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Improve, not Fix

by Kim Miller | November 14th, 2013

I coach senior managers and executives. Often I am asked if and how I “fix” them. The answer of course is that I do not, at least do not often, fix them. I improve them through the coaching process.

I am in the fortunate position of being able to work with talented and successful people. I do not regularly work with people who are early in their career. So my clients have already achieved much, and in many cases a great deal in their careers. They come to me to get better. To improve. To build on the strong business skills, activity and behaviour that got them where they are.

They want to continue the process of applying themselves to their work. They need to adapt; to new business challenges, to new people, and to new responsibilities. True success is the ability to keep it going. To improve as needed, not fix.

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Ego and Insecurity

by Kim Miller | August 7th, 2013

If you are successful in business, you have both – Ego and Insecurity – probably in substantial amounts. I am not postulating here, merely observing. I coach leaders of organizations. They all have healthy egos. They also all have significant insecurities.

Another way this is manifest is in the very human NEED to achieve, and the equally human FEAR of failure.

It is easy to confuse one with the other because they both provide motivation. But the former – let me call it “Achievement Ego” – is more likely to lead to action. for this reason, most of us in the business world would say that Achievement Ego is better than “Insecurity Fear”. Action is better than inaction, right? You can’t win if you don’t try, right? Generally, but not always.

If you take action with a high degree of competence, you are more likely to succeed. If you don’t know what you are doing – or if others simply do it much better – you are less likely to succeed. Your Insecurity Fear may be the thing to tell you when to hold off, even when your Achievement Ego is saying, “Go, go, go!”

By aware of – and use – both. Listen to your ego, and respect your insecurity.

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It may be Apples and Oranges, but it’s still Fruit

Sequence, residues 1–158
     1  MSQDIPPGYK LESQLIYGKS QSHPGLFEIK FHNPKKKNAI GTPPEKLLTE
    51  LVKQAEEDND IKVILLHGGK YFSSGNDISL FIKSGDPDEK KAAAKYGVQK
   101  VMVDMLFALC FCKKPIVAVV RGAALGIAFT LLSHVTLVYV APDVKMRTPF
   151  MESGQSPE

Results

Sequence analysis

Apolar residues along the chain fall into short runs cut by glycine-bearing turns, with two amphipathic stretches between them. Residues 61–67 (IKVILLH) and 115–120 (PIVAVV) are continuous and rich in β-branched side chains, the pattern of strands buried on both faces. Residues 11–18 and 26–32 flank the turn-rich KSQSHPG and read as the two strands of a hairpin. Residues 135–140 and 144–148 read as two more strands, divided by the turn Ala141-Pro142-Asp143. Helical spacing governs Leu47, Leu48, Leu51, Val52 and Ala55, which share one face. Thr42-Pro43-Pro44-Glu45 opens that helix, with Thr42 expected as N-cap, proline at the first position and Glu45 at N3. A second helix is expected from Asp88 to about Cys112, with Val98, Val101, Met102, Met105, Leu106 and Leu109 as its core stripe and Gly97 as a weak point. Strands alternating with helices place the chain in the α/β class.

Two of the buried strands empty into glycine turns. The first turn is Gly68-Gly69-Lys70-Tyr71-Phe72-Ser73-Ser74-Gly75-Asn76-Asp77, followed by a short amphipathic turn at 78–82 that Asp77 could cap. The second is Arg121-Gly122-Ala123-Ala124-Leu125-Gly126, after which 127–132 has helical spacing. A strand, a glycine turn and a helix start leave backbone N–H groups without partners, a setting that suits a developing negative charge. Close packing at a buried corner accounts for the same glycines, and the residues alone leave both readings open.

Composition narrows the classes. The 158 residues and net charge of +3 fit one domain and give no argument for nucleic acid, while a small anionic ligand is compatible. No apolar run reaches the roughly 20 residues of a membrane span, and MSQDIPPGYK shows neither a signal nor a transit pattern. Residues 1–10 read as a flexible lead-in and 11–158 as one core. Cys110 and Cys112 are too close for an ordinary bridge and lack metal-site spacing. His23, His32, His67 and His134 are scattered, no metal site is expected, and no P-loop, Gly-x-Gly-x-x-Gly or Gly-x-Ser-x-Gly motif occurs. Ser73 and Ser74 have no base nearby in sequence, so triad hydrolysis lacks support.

by Kim Miller | May 1st, 2013

I often find myself challenged by a client who believes they are different. They believe that their particular situation is unique and calls for extraordinary action. Sometimes they are right, then we must get creative to solve the problem(s). Sometimes they are (half) right, but the differences are really not that great.

It is important for me and the work I do to identify when the differences in a situation are important and when they are not. Most problems in running a business have occurred to other businesses and perhaps to the same organization in the past. This then calls for reviewing proven solutions for application. The key is assessing the situation carefully, and deciding whether the situation warrants extraordinary effort. Experience counts here, combined with a healthy dose of solid judgment.

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When the Boss Says Good-bye

by Kim Miller | March 13th, 2013

I do outplacement for senior managers and executives. Outplacement is the euphemism often used for the process of assisting a terminated employee in a job search. I am usually paid by the former employer – my services forming part of a negotiated severance package.

This type of situation is full of both good news and bad news. The good news: opportunity, freedom, time. Most senior people embrace the positive and get on with finding a job in an orderly way.

The bad news: rejection, uncertainty, urgency. These things can slow down and even paralyze strong capable people. My job is to understand the pressure of these negative things and help overcome them. All the activity – networking, job search, interviewing – depends upon this.

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Decision Making: Know Thy Boat; Know Thyself

by Kim Miller | February 28th, 2013

I am a boater. And like many boaters, I have owned several boats over the years; every one bigger, nicer and more expensive than the previous one.

When will it stop? I think now.

Why? Because the current boat was acquired only after a detailed specification, analysis and decision process was completed. A list of ten “must have” boat features was developed and each potential acquisition was evaluated against this list. The boat therefore was selected objectively and with less emotion. There was some subjectivity – one of the specifications was: “nice lines” – but most of the process was quite straightforward.

This decision process is one that I have used many times with my clients. When faced with with complex decisions in life and in business, it pays to invest time and effort in a comprehensive decision process.

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